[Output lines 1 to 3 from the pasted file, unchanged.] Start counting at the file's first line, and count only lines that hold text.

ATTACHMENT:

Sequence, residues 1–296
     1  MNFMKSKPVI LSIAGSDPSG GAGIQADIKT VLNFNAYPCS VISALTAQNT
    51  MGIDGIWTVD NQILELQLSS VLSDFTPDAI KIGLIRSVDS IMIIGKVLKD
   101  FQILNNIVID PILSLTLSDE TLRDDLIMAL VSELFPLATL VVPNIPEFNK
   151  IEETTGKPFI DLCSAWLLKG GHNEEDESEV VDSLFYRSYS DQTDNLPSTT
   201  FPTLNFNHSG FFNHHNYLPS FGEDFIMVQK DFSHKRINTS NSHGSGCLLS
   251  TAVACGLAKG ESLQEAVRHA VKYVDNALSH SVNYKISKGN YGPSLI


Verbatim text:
Sequence, residues 1–296
     1  MNFMKSKPVI LSIAGSDPSG GAGIQADIKT VLNFNAYPCS VISALTAQNT
    51  MGIDGIWTVD NQILELQLSS VLSDFTPDAI KIGLIRSVDS IMIIGKVLKD